• Those were the actions of an authoritarian dictatorship, and aren’t a necessary outcome of a communist-style economy, in the same way that our ridiculous neoliberal corporate-pig-trough-bonanza of an economy isn’t the necessary outcome of a capitalist-style economy. I am, personally, not in favour of a communist economy or society, but I am still willing to involve advocates of them in a discussion on how to fix the mess we are in. Obviously nobody is going to entertain the contributions of thugs and mass-murderers, but only because they are thugs and mass-murderers: there is a difference between Stalin and ‘a person in favour of Communism’. Fascism, on the other hand, is an ideology defined by hatred and violence.

  • I do see the value of your points and am shocked by the way a greedy few managed to caused so much damage and still seemed to have gotten away with it, but I would still not turn away from a capitalist based economy and a conservative approach to politics. I hope you haven’t thought me to be on the far right as I think that many of their policies do not have a place in society but my own opinions tend to differ from those of the Occupy London protesters

  • Anon: And what opinion do the Occupy London protesters have?

  • I do not know their individual opinions, but: anti-capitalist ideas about the economy (1), left wing tendancies regarding society (2), little respect for the space which they are using (outside a Cathedral); I know this may seem a little broad. Quotes from their website:
    1)”in the face of unemployment, privatisation and austerity we still see profits for the rich on the increase” – obvious opinion about the economy, taking from the rich. Also privatisation?? What is so bad about that? The public sector is so out of touch with the real world. I know people in the private sector who have had a 5% pay cut and no pay rise in-line with inflation for the past three years. That is the reality at the moment, and then a large part of the public sector has the audcaity to strike on pension reforms which are totally necessary and nothing in comparison to the difficulties faced by the majority of people.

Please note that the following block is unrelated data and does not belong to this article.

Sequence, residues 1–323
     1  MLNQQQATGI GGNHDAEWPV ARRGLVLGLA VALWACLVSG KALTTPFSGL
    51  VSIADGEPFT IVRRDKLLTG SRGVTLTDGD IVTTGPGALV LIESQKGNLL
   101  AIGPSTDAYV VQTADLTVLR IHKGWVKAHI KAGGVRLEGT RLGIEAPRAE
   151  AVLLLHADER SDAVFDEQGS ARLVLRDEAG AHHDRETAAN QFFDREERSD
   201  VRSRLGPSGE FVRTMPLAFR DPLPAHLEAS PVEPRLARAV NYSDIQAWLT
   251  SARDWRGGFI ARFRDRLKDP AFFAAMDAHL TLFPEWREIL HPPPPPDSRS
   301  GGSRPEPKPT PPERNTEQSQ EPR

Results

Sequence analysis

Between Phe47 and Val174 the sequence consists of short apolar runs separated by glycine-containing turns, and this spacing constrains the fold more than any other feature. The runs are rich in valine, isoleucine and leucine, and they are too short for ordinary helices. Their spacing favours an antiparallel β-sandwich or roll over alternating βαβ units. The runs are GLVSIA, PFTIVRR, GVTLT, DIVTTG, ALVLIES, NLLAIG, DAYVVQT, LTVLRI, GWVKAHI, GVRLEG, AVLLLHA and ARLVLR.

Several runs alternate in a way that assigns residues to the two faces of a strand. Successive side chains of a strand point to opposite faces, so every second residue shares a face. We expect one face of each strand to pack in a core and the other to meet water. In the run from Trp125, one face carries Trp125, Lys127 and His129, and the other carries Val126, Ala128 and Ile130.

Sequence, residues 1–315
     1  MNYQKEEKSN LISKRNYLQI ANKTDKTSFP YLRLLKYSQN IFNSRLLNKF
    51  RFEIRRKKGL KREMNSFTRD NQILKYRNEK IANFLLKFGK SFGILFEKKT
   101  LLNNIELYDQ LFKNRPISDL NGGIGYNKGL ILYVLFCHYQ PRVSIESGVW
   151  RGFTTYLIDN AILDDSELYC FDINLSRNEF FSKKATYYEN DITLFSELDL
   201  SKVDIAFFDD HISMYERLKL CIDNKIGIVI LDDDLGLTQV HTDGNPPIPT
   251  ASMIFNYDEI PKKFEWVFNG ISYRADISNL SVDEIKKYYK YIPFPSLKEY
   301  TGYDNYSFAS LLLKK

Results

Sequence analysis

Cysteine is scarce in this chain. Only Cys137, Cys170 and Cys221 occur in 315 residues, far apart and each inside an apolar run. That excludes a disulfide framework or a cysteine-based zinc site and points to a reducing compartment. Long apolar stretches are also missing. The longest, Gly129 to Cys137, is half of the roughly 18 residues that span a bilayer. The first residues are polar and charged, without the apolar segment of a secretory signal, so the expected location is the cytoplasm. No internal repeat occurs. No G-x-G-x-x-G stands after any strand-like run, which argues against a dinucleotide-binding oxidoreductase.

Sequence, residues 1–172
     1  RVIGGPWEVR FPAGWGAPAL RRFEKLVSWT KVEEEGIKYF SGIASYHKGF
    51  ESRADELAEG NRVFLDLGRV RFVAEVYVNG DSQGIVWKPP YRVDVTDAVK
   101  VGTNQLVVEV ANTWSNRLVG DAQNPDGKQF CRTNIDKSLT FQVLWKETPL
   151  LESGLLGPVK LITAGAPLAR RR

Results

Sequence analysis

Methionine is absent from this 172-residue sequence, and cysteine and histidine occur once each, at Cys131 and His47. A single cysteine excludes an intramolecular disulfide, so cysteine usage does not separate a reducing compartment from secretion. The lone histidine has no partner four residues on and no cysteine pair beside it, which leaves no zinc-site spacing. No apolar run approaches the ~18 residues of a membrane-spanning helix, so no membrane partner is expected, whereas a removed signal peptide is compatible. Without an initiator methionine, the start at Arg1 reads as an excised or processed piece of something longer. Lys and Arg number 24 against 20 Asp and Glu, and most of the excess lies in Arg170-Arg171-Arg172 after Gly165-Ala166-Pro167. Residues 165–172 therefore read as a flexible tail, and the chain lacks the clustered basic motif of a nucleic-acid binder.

2) “future free from austerity, growing inequality, unemployment, tax injustice and a political elite who ignores its citizens”.

    Whilst these are bad, how are we going to reduce the deficit without austerity? If they think the Conservative “poltiical elite” is doing a bad job then they ought to look at Labour who partly caused the mess in the first place. Look at the Labour party as well:

    Miliband: “I live in a relatively expensive house.”
    Morgan: “How much is it worth?”
    Miliband: “I’m not sure, over a million.”
    Morgan: “How much exactly?”
    Miliband: “I don’t know Piers, I haven’t checked.”
    Morgan: “You don’t know? Everyone else in Britain knows what their house is worth.”
    Miliband: “It was bought for £1.6m.”
    Morgan: “When?”
    Miliband: “A year and a bit ago.”
    Morgan: “Well remembered.”

    I am not denying that the bankers were greedy and responsible and that punishment should be “dished out” but look at China, whilst it is politically Communist, the economy is growing through an obviously capitalist revolution.

  • Plaudits to Adam Robertson, a well considered and intelligence response to an article which wasn’t even for yesterdays fish and chips.

    Hugh Westlake’s article was so staggeringly ignorant and so utterly devoid of almost any logic that I didn’t know whether to laugh or cry.
    Most impressive was his frankly McCarthyist assumption that anyone not singing the praises of unbridled capitalism must, by default, be an uncle Joe loyalist!

    I’m glad to say this response has restored my faith in the calibre of Durham students.